Letter: Mel Zelnick stood tall in the world of music
Several hours after learning of Mel Zelnick's death, I entered a business and heard a familiar tune. I asked the man behind the counter what he was listening to, but I already knew the answer: Benny Goodman (and of course, his exceptional band).
I mentioned Mel's passing to him, and he shook his head. I quoted Mel to him as saying that "Benny Goodman was the best (he) ever played with."
After talking about how Benny could play the "stick" better than anyone, the man behind the counter shook his head, smiled, and said, "That is the music of my generation."
I do not think I ever explained it to my co-workers when I insisted on doing a video about Mel, but here's what I probably should have said: Mel Zelnick had a major hand in defining the music of an entire generation.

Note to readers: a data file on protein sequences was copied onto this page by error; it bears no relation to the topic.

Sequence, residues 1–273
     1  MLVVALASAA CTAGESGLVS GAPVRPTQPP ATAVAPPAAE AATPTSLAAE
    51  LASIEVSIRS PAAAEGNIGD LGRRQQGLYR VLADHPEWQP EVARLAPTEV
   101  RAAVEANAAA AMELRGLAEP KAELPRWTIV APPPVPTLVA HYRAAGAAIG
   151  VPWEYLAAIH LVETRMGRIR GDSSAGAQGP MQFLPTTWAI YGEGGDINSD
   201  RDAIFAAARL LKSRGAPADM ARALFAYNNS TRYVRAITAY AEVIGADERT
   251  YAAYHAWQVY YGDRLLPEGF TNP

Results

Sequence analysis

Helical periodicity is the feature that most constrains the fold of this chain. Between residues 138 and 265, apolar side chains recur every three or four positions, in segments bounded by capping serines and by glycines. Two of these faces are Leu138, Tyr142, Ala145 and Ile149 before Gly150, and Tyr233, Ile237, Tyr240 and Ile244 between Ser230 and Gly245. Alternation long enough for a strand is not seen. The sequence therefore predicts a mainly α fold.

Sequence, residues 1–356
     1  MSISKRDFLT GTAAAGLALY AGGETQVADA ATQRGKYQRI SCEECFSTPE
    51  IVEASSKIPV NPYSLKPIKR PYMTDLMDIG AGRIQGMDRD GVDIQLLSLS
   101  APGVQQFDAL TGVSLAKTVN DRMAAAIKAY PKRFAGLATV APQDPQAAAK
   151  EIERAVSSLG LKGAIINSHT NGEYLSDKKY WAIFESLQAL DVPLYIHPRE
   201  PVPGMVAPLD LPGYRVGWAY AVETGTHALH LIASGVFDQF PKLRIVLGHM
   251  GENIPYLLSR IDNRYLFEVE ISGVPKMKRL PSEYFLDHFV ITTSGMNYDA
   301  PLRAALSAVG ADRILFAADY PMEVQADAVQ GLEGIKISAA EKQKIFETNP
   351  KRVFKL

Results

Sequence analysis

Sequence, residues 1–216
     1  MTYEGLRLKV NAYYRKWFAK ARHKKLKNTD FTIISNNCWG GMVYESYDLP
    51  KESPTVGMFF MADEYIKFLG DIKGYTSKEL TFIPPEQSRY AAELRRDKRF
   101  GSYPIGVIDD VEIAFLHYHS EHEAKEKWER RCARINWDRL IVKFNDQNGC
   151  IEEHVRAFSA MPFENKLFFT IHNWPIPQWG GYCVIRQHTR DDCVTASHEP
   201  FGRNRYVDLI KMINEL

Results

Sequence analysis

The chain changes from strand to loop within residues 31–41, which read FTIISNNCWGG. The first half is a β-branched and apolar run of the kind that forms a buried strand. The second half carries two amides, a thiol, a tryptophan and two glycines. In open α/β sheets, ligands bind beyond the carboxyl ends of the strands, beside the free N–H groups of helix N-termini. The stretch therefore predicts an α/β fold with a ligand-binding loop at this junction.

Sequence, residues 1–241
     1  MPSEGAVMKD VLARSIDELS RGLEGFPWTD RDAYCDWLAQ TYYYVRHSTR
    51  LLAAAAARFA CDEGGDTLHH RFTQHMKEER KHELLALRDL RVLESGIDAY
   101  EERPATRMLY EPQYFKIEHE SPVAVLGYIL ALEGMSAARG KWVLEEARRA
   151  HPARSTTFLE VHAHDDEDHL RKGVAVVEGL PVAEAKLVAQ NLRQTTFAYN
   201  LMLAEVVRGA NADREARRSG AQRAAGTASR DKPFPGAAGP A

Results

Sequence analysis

Heck, almost all of my generation knows "Sing, Sing, Sing," where Mel tears it up on the drums.
All music aside, I do not think many realize that Mel also embraced black musicians decades before the Civil Rights era began.
While I know Mel lived with a bit of regret about a temporary falling out with Benny, I also know that one of the great highlights of Mel's career was burying the hatchet in the name of true friendship.
I got to talk to Mel for only a few hours, but I learned a lot during that time.
Thanks for everything Mel. You made our world a better place.
John P. Kamin